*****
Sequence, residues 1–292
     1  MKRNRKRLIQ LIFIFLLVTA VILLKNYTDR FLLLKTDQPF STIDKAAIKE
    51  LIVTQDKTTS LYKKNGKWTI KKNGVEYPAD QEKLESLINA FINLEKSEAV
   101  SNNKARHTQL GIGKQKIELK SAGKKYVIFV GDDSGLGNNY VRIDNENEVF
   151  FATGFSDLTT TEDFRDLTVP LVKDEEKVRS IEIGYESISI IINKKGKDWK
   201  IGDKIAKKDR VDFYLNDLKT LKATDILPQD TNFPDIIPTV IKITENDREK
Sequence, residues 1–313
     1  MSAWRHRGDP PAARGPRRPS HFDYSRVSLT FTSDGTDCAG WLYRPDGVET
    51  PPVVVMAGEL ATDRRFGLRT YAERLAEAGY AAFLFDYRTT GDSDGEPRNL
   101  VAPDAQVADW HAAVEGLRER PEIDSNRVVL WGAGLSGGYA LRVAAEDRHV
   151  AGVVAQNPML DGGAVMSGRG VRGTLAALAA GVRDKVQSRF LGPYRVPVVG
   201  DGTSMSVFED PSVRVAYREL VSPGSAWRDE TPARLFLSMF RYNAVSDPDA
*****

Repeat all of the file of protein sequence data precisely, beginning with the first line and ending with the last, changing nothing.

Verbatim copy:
Sequence, residues 1–292
     1  MKRNRKRLIQ LIFIFLLVTA VILLKNYTDR FLLLKTDQPF STIDKAAIKE
    51  LIVTQDKTTS LYKKNGKWTI KKNGVEYPAD QEKLESLINA FINLEKSEAV
   101  SNNKARHTQL GIGKQKIELK SAGKKYVIFV GDDSGLGNNY VRIDNENEVF
   151  FATGFSDLTT TEDFRDLTVP LVKDEEKVRS IEIGYESISI IINKKGKDWK
   201  IGDKIAKKDR VDFYLNDLKT LKATDILPQD TNFPDIIPTV IKITENDREK
Sequence, residues 1–313
     1  MSAWRHRGDP PAARGPRRPS HFDYSRVSLT FTSDGTDCAG WLYRPDGVET
    51  PPVVVMAGEL ATDRRFGLRT YAERLAEAGY AAFLFDYRTT GDSDGEPRNL
   101  VAPDAQVADW HAAVEGLRER PEIDSNRVVL WGAGLSGGYA LRVAAEDRHV
   151  AGVVAQNPML DGGAVMSGRG VRGTLAALAA GVRDKVQSRF LGPYRVPVVG
   201  DGTSMSVFED PSVRVAYREL VSPGSAWRDE TPARLFLSMF RYNAVSDPDA